from “For the Neighbors”
In the United States, which once were colonies, we made what we now call “rural America” a colony of the cities and the corporations. If the cities and corporations have wanted coal or copper or cotton or corn, the rule has been that they should go into the country and take its products for the lowest possible price but at an unbooked and immeasureable cost to the land and the people.
And so we have had several centuries of plunder and waste and pollution, “backed” by concentrated wealth and power on a continental or global scale, but always enacted in the rural landscapes, country communities, and small towns, which have always been readily dismissable as “country” or “corny” or “the boondocks” or “the middle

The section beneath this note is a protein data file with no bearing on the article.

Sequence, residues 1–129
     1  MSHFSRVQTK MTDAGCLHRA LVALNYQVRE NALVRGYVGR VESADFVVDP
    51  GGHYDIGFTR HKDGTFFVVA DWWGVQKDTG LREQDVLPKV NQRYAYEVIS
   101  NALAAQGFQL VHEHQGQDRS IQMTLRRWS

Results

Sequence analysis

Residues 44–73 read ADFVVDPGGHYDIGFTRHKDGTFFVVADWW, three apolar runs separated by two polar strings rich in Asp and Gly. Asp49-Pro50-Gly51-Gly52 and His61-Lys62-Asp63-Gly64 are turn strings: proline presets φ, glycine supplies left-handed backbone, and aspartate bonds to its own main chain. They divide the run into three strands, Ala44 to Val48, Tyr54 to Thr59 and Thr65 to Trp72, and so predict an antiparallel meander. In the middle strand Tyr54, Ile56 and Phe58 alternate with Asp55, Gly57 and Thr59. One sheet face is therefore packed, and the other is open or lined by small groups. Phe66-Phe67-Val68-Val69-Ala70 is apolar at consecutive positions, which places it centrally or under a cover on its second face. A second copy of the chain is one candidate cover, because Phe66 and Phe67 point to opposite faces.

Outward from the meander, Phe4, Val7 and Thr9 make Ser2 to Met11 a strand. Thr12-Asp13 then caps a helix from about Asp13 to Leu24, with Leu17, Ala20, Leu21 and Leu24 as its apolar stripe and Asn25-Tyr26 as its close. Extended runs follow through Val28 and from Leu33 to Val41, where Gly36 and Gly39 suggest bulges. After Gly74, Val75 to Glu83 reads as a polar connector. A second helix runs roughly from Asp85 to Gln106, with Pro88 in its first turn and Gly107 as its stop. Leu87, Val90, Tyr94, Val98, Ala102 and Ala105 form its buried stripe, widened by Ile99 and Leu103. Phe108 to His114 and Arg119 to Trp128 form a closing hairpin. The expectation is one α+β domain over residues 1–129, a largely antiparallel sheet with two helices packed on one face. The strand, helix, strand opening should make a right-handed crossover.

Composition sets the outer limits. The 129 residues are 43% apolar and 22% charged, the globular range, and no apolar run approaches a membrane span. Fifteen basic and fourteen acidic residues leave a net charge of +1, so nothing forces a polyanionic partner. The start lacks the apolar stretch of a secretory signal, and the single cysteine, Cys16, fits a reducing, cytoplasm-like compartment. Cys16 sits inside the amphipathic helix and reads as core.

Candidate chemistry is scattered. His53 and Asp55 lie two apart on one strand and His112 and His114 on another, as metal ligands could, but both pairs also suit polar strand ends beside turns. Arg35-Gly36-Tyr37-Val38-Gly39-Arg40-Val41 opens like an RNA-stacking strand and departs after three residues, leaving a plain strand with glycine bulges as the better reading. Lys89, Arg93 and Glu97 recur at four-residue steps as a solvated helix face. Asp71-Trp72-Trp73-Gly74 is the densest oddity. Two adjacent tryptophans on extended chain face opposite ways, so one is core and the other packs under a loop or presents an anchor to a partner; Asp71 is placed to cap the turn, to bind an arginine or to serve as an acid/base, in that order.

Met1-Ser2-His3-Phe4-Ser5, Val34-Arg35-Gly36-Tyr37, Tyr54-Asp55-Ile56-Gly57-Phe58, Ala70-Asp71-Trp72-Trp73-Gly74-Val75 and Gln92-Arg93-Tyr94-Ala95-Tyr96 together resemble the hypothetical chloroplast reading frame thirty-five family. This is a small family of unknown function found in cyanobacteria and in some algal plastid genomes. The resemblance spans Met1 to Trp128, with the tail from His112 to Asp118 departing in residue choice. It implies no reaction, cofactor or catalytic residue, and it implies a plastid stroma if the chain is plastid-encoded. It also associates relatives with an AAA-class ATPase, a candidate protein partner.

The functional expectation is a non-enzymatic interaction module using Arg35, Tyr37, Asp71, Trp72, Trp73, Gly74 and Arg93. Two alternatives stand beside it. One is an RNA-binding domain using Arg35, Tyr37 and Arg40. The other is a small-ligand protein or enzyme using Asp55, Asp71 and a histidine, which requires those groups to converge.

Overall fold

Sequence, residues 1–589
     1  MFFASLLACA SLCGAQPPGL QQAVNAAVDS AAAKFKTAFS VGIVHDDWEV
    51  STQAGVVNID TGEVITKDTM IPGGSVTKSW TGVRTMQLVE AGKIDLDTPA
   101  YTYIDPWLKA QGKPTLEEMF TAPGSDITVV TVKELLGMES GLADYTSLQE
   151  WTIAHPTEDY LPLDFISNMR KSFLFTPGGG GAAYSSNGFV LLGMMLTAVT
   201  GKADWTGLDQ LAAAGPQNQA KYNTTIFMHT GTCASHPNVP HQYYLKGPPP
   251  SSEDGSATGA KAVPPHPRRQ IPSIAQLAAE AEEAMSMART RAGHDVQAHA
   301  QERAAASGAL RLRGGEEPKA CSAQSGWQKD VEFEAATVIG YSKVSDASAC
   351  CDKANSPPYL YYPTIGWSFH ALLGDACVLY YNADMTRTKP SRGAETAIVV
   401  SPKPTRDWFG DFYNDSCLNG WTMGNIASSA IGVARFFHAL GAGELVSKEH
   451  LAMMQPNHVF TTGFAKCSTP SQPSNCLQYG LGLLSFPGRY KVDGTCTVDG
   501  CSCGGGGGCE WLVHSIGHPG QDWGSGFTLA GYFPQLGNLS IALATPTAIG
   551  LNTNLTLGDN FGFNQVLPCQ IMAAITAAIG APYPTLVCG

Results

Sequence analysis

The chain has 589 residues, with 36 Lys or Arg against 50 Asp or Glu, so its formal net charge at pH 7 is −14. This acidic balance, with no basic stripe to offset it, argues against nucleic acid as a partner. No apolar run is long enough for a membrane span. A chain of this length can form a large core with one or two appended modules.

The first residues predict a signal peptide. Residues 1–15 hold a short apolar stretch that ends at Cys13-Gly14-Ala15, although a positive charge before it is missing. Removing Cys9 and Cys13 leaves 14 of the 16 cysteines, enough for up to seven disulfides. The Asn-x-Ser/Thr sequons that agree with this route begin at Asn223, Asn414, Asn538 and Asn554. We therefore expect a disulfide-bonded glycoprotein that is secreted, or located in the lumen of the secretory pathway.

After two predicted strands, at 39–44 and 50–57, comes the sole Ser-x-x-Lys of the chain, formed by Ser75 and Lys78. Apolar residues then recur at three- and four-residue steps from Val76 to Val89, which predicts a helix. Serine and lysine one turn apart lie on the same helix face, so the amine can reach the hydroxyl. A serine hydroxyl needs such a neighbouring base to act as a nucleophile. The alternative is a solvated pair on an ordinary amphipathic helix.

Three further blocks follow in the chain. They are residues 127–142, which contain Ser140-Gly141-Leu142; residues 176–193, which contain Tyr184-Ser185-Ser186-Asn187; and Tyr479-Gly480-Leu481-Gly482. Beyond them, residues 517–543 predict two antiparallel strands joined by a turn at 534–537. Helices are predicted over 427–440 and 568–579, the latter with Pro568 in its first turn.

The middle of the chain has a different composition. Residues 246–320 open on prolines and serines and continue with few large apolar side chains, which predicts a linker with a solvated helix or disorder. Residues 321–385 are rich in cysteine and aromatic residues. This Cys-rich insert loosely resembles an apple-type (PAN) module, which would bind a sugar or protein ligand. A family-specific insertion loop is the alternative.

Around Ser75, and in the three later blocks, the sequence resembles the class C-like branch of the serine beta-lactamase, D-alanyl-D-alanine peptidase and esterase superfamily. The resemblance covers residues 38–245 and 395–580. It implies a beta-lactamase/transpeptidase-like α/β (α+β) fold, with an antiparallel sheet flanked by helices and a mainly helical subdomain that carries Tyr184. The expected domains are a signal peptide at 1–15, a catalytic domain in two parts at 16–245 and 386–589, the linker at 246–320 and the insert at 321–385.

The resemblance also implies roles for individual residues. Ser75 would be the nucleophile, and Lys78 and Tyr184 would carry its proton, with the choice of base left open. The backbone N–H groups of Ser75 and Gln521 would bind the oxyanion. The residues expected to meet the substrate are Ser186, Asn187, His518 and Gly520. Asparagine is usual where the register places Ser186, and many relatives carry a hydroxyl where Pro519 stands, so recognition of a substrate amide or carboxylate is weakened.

If all this adds up to global emergencies such as climate change, it also produces in universities, bureaus, think tanks, and the like, a hearty appetite for global solutions involving dramatic technologies, heroic breakthroughs, and epic sums of money. The necessary repairs, even so, will have to be made in the rural landscapes, country communities, and small towns where the trouble started.
The great questions now overhanding these small rural places where the global problem will be solved are these: what will be the solutions? And How and on what scale and by whom and for whose ultimate benefit will they be installed?